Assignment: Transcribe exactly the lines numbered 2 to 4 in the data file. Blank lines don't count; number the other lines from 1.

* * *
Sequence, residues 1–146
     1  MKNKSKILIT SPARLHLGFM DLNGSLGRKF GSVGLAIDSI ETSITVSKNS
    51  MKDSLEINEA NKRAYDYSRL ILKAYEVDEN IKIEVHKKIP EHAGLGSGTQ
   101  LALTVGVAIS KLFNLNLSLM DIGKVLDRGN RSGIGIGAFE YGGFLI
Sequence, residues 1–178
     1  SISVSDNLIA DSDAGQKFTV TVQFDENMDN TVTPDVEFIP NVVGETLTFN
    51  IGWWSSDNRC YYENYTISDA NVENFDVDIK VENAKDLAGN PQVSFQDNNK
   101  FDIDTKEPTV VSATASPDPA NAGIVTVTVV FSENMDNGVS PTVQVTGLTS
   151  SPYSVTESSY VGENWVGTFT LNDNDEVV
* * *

     1  MKNKSKILIT SPARLHLGFM DLNGSLGRKF GSVGLAIDSI ETSITVSKNS
    51  MKDSLEINEA NKRAYDYSRL ILKAYEVDEN IKIEVHKKIP EHAGLGSGTQ
   101  LALTVGVAIS KLFNLNLSLM DIGKVLDRGN RSGIGIGAFE YGGFLI